Literature

Clinical Pearls & Morning Reports


By Carla Rothaus

Published February 16, 2022

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How did axi-cel compare with standard care for the management of early relapsed or refractory large B-cell lymphoma in the trial by Locke et al.? 

Locke et al. conducted ZUMA-7, an international, randomized, phase 3 trial that compared axicabtagene ciloleucel (axi-cel) with standard care as second-line treatment in patients with early relapsed or refractory large B-cell lymphoma. Read the NEJM Original Article here.

Clinical Pearls

Q: Why are novel second-line treatments needed for relapsed or refractory large B-cell lymphoma?

A: Standard-care second-line treatment in the curative setting for patients with relapsed or refractory large B-cell lymphoma is high-dose chemotherapy with autologous stem-cell transplantation if the disease is responsive to salvage chemoimmunotherapy. Patients whose disease does not respond to salvage chemotherapy and those who are not considered to be candidates for high-dose chemotherapy with autologous stem-cell transplantation have poor outcomes. These patients may benefit from second-line therapies that have different mechanisms of action.

Q: Is axi-cel approved for use in patients with relapsed or refractory large B-cell lymphoma?

A: The autologous anti-CD19 chimeric antigen receptor (CAR) T-cell therapy axi-cel is approved for the treatment of patients with relapsed or refractory large B-cell lymphoma who have received at least two previous systemic therapies. In the ZUMA-1 trial, which involved patients with refractory large B-cell lymphoma treated with axi-cel, 83% of the patients had a response and 58% had a complete response; the median overall survival was 25.8 months, and the 5-year overall survival was 43%.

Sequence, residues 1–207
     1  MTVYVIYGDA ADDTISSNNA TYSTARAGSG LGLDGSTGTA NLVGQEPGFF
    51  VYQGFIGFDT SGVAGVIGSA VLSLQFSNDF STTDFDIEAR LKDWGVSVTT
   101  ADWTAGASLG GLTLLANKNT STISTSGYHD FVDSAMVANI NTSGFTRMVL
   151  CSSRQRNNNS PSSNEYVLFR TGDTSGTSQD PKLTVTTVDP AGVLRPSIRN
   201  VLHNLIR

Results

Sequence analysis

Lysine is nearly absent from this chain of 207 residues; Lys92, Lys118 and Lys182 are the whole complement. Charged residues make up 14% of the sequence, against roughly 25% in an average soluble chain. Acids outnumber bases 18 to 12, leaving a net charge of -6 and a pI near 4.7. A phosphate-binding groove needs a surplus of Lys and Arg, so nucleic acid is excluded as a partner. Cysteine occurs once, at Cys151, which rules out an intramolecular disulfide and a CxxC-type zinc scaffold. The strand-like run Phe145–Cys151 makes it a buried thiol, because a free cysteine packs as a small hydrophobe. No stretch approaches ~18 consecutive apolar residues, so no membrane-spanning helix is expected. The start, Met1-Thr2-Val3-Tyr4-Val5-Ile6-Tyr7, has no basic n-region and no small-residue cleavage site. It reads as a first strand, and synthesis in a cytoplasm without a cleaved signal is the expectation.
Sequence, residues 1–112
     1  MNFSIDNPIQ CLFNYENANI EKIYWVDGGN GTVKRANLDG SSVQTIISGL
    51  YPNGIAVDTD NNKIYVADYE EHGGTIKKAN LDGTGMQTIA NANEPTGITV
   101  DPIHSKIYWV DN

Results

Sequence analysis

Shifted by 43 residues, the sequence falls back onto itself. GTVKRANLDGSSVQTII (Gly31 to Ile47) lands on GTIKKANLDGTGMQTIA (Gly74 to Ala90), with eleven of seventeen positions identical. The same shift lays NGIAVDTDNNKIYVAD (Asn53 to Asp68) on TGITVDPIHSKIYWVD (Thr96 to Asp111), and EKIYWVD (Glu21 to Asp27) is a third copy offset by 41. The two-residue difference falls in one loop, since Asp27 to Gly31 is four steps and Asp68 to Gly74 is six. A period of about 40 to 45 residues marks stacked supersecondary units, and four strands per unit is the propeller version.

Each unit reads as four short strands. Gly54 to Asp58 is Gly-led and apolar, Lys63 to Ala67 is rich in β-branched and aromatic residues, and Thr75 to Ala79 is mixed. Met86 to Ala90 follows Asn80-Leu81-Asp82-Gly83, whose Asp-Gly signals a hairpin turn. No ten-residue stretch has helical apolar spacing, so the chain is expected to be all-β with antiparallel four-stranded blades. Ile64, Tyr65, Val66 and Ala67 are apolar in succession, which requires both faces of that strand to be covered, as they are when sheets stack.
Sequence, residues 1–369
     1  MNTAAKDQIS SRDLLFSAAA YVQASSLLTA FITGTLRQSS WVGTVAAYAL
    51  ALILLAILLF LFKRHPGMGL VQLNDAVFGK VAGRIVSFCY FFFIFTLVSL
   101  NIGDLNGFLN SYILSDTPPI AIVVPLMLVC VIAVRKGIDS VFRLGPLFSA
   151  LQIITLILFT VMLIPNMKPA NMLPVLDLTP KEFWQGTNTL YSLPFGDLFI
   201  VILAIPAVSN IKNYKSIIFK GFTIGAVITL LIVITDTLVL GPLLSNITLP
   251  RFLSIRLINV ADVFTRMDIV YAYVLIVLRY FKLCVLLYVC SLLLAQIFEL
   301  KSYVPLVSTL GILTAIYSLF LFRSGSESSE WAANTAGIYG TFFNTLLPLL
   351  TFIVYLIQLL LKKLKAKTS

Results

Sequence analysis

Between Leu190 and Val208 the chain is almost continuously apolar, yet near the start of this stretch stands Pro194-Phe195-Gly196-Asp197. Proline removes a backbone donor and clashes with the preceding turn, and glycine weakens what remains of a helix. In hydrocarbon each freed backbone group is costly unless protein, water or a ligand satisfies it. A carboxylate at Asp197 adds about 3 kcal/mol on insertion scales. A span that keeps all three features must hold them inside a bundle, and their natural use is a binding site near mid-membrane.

Morning Report Questions

Q: How did axi-cel compare with standard care for the management of early relapsed or refractory large B-cell lymphoma in the trial by Locke et al.?

A: Locke et al. observed a clear improvement with axi-cel, as compared with standard care, in event-free survival and the percentage of patients with a response. Axi-cel therapy was superior to standard care with a median event-free survival that was longer by a factor of more than 4, a 2-year event-free survival that was higher by a factor of 2.5, a significantly higher percentage of patients with a response, and double the percentage of patients with a complete response. Treatment with axi-cel also led to longer event-free survival than standard care across key subgroups, including patients with high-risk features, such as high-grade B-cell lymphoma (including double- or triple-hit lymphomas) and an age of 65 years or more, although further improvements in these subgroups are needed. The difference in overall survival between the two groups did not reach statistical significance.

Q: What were the features of cytokine release syndrome in this trial?

A: Cytokine release syndrome occurred in 157 patients (92%) who received axi-cel, with an event of grade 3 or higher occurring in 11 patients (6%). No deaths related to cytokine release syndrome occurred. In the safety population, tocilizumab was administered to 65% of the patients, glucocorticoids to 24%, and vasopressors to 6%. The median cumulative use of tocilizumab, regardless of indication, was 1396 mg (range, 430 to 7200). The median time to the onset of cytokine release syndrome was 3 days (range, 1 to 10) after the infusion, and the median duration was 7 days (range, 2 to 43). All the events resolved.

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